Skip to content

Functional Magnetic Resonance Imaging of Suicidal Ideation and Behavior in Adolescents

2014 Postdoctoral Fellowship
Amount Awarded: $104,000
Focus Area: Neurobiological Studies

Tiffany Ho, Ph.D.

Tiffany Ho, Ph.D.
University of California, San Francisco

Mentor: Tony Yang, M.D., Ph.D., University of California, San Francisco

Inside the Research

Bio: Dr. Ho received her Ph.D. in experimental psychology from the University of California, San Diego, in 2012. She is currently a Postdoctoral Research Fellowship scholar at the University of California, San Francisco, in the Department of Psychiatry.

Grant Categories: Neurobiological studies, brain functioning studies

Abstract: Major Depressive Disorder is one of the strongest psychological correlates with suicidal ideation and behavior, but not all depressed adolescents are suicidal. Therefore, it is critical to identify neurobiological factors that underlie suicidal behavior in depressed adolescents. Dr. Ho’s study will use functional magnetic resonance imaging (fMRI) and diffusion tensor imaging (DTI) techniques to assess the brain function and structure of 40 adolescents ages 13-17 with a diagnosis of major depression, comparing those with and without suicidal a previous suicide attempt. Her study will use the combination of neuroimaging techniques to determine if adolescents who have made a suicide attempt have brain structure and functioning that is different from adolescents who have never made a suicide attempt. All participants will undergo resting-state functional magnetic resonance imaging (fMRI) to assess functional connectivity patterns of brain networks, and diffusion tensor imaging (DTI) to assess structural connectivity via white matter microstructure.  The areas examined in the brain, the orbital frontal cortex and anterior cingulate cortex, have been found to be associated with impulsivity, emotion regulation, and suicidal ideation and behavior in adults across different psychiatric disorders.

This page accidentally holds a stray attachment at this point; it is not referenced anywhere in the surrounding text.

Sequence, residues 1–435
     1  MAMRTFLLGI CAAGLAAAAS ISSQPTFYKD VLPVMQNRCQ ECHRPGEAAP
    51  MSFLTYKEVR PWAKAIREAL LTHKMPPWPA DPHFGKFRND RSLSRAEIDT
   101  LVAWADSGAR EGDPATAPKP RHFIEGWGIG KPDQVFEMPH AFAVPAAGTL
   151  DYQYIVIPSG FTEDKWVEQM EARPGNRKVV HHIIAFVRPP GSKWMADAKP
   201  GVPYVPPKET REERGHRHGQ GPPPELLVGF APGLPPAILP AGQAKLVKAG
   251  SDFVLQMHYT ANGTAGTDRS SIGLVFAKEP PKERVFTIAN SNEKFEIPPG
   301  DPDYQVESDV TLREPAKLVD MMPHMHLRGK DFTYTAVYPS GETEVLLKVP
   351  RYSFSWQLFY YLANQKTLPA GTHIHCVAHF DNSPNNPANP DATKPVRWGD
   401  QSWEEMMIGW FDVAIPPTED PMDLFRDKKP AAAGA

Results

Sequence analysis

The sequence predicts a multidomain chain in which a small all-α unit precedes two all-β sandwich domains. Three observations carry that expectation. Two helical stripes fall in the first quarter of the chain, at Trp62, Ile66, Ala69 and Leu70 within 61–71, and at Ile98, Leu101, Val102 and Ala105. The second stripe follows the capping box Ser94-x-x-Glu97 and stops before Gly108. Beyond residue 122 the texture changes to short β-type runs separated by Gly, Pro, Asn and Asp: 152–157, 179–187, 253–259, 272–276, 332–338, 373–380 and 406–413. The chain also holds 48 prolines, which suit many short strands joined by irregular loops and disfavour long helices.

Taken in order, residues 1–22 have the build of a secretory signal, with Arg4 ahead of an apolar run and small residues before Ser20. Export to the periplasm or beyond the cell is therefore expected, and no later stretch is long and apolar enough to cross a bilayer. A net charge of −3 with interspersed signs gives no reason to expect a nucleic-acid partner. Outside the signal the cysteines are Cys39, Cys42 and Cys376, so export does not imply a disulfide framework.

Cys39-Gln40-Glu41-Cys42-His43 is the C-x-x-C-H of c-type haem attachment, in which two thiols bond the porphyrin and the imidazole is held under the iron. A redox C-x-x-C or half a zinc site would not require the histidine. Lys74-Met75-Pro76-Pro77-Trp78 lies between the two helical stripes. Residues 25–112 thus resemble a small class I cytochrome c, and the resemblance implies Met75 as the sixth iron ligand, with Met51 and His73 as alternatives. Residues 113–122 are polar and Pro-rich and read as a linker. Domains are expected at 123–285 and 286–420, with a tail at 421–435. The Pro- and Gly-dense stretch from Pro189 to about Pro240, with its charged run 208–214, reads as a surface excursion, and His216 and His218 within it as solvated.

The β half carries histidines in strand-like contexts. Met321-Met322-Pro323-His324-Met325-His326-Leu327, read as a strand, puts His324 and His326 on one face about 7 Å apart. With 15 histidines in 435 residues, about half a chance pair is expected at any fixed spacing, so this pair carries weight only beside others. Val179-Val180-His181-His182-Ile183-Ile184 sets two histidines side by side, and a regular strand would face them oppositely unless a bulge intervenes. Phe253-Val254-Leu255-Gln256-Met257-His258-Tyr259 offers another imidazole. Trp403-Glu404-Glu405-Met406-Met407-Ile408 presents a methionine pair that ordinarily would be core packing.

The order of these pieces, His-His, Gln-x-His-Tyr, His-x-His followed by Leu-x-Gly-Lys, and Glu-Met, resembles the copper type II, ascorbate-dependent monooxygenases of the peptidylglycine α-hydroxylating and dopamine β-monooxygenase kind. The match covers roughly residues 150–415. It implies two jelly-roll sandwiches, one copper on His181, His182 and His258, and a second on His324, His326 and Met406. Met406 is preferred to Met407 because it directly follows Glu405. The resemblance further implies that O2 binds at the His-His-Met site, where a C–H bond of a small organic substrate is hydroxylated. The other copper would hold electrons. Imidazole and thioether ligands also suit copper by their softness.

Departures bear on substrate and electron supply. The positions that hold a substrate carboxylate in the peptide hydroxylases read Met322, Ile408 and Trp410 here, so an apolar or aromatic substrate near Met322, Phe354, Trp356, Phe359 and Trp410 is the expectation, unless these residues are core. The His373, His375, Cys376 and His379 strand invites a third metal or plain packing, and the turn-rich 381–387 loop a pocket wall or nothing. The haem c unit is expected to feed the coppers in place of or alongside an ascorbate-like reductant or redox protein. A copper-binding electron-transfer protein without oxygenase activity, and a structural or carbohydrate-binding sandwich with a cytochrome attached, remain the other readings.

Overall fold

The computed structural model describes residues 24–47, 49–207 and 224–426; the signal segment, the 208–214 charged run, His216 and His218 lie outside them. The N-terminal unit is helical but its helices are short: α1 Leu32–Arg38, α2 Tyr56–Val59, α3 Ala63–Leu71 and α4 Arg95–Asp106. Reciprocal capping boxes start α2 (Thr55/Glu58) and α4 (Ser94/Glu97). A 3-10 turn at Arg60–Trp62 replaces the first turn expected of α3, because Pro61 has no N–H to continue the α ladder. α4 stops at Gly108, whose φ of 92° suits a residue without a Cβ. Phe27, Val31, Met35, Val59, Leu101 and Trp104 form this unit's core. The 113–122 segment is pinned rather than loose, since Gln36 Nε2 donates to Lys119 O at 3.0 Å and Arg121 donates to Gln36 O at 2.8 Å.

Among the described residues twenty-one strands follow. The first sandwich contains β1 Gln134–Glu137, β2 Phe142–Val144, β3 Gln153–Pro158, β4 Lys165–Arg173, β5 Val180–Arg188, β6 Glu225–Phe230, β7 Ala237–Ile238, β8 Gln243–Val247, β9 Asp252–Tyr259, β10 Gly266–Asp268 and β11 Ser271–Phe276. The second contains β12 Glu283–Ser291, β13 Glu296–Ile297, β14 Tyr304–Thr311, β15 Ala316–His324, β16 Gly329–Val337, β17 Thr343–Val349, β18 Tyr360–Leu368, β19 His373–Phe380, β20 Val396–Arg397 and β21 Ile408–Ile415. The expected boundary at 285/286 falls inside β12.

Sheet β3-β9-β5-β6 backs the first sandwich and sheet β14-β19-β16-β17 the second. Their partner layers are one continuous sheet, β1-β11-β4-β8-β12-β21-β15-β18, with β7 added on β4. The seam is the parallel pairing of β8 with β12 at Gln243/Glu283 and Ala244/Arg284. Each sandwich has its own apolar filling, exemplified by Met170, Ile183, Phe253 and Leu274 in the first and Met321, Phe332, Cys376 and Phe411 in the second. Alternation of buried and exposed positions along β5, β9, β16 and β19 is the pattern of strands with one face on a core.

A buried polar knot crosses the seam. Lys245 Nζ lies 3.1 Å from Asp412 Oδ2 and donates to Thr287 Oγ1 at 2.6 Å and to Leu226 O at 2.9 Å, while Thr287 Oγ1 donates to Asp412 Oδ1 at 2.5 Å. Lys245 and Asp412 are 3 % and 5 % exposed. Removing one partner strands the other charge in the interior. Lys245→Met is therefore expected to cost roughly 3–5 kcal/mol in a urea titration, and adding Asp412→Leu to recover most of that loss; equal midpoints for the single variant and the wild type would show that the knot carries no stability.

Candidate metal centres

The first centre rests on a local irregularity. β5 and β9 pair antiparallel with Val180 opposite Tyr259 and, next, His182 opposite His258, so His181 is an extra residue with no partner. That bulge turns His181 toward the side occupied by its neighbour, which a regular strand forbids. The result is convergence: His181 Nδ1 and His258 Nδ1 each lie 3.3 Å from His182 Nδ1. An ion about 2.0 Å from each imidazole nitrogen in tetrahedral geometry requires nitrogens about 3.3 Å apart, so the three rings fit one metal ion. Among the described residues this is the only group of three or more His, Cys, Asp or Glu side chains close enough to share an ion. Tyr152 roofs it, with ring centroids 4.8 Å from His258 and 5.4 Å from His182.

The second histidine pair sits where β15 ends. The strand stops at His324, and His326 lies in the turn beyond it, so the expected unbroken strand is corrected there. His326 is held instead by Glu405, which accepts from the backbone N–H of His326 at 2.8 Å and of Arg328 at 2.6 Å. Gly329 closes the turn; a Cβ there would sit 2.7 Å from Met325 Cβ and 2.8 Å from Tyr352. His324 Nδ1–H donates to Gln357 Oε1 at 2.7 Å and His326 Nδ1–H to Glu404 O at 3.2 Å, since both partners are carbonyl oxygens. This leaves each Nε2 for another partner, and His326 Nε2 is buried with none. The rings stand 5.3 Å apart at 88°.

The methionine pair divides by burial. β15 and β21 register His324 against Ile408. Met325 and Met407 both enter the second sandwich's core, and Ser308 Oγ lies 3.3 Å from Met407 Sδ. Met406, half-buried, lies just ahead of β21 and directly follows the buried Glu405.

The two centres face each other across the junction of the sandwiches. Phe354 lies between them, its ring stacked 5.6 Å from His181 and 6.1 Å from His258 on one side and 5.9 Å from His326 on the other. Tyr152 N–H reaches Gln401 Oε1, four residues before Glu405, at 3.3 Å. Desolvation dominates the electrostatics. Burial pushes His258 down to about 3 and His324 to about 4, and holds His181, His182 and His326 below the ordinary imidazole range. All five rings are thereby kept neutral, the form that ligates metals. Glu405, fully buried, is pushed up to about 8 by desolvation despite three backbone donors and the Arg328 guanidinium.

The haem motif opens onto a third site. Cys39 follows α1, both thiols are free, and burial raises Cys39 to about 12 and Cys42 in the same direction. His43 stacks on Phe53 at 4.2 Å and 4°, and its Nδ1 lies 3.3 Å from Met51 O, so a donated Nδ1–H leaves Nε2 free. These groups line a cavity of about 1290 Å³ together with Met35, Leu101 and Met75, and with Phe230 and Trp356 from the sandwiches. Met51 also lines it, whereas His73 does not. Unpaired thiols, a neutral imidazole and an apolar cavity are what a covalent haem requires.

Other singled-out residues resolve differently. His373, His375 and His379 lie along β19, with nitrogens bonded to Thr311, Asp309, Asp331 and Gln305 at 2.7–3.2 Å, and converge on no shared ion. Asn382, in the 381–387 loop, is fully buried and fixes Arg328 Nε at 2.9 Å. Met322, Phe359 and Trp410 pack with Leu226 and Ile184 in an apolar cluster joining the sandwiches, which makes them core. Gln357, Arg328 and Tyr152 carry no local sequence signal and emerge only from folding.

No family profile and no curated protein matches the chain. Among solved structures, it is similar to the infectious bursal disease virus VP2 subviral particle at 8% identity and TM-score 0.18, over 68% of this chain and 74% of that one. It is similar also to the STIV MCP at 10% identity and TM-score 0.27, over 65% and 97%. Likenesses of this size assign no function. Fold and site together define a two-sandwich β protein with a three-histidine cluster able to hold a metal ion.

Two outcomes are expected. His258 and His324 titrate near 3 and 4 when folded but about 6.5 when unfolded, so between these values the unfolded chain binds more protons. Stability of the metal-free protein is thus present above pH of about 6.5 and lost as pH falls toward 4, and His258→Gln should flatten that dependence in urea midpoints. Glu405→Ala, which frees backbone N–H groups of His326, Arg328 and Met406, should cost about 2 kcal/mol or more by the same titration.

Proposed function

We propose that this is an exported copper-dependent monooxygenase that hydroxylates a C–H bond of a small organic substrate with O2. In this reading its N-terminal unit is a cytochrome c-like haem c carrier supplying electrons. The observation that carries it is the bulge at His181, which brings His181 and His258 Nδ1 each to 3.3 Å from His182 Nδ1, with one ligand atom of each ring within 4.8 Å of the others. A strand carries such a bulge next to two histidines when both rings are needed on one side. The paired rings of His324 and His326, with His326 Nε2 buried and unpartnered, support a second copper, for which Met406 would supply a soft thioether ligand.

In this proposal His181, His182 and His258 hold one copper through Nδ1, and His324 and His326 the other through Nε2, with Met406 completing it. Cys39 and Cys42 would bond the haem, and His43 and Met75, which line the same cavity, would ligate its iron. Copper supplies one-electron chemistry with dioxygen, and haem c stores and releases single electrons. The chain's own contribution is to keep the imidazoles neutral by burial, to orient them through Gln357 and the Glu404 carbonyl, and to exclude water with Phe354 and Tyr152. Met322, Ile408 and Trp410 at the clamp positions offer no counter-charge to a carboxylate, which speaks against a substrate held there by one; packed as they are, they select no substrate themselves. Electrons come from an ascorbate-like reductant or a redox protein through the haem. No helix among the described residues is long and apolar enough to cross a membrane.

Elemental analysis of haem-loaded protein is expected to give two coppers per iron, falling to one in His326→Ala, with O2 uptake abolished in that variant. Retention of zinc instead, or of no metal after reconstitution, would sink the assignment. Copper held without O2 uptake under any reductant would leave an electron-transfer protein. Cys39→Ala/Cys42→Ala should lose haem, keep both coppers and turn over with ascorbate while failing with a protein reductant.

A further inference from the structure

Impact: Models of brain structure and function in adolescents with depression and suicidal behavior that could inform suicide assessment and prevention.